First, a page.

Here's a cause for optimism, albeit the cautious kind. Researchers at the Cleveland Clinic Lerner Research Institute have managed to isolate a human protein that plays part in the development of breast cancer, and have produced a vaccine against its creation that has delivered an impressive success rate in testing on mice. In a test group of genetically cancer-prone rodents, none of those injected with á-lactalbumin developed the potentially deadly disease. The progress of this drug trial to testing on humans has been met with reservation by cancer research groups, who remind us that we're years away from knowing if it will actually work on our species. Still, this is quite the little breakthrough and we hope all goes according to plan.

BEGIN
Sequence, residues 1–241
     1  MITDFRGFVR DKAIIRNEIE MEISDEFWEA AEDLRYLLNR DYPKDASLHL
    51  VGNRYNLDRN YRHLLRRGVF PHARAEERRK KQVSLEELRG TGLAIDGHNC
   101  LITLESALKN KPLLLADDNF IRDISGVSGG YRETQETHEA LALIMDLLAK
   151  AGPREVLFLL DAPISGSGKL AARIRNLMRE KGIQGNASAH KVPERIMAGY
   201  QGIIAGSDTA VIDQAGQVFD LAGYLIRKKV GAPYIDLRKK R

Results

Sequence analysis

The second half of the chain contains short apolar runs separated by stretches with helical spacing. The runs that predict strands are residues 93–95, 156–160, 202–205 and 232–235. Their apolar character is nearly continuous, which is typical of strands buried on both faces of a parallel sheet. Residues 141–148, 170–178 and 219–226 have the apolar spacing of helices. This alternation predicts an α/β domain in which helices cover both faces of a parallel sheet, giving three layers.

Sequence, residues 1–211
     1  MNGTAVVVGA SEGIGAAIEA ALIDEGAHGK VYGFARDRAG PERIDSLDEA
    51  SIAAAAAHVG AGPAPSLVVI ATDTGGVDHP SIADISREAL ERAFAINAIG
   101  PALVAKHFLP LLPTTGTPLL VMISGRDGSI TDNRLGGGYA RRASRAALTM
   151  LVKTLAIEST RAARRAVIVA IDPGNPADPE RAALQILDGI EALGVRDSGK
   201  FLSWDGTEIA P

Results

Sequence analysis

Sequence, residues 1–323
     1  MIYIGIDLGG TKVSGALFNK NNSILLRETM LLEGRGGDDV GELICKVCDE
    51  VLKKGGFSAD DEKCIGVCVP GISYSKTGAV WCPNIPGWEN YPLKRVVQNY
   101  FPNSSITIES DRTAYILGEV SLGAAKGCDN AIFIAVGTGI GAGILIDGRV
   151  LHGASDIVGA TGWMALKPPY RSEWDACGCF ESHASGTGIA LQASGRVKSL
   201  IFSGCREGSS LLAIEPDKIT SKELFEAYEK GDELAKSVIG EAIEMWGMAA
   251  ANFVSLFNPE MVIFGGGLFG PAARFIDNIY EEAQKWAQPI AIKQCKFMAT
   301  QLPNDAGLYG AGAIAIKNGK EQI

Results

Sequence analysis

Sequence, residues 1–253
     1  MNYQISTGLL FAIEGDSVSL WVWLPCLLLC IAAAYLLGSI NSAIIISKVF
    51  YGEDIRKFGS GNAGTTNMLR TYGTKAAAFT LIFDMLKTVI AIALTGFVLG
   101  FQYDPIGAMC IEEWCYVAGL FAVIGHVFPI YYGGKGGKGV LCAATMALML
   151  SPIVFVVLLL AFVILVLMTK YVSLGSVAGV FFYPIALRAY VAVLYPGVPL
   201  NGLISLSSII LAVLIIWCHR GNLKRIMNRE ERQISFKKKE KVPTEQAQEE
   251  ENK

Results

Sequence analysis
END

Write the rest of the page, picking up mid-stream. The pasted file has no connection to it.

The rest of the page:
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Breast cancer vaccine proves successful in tests on mice, moves on to human subjects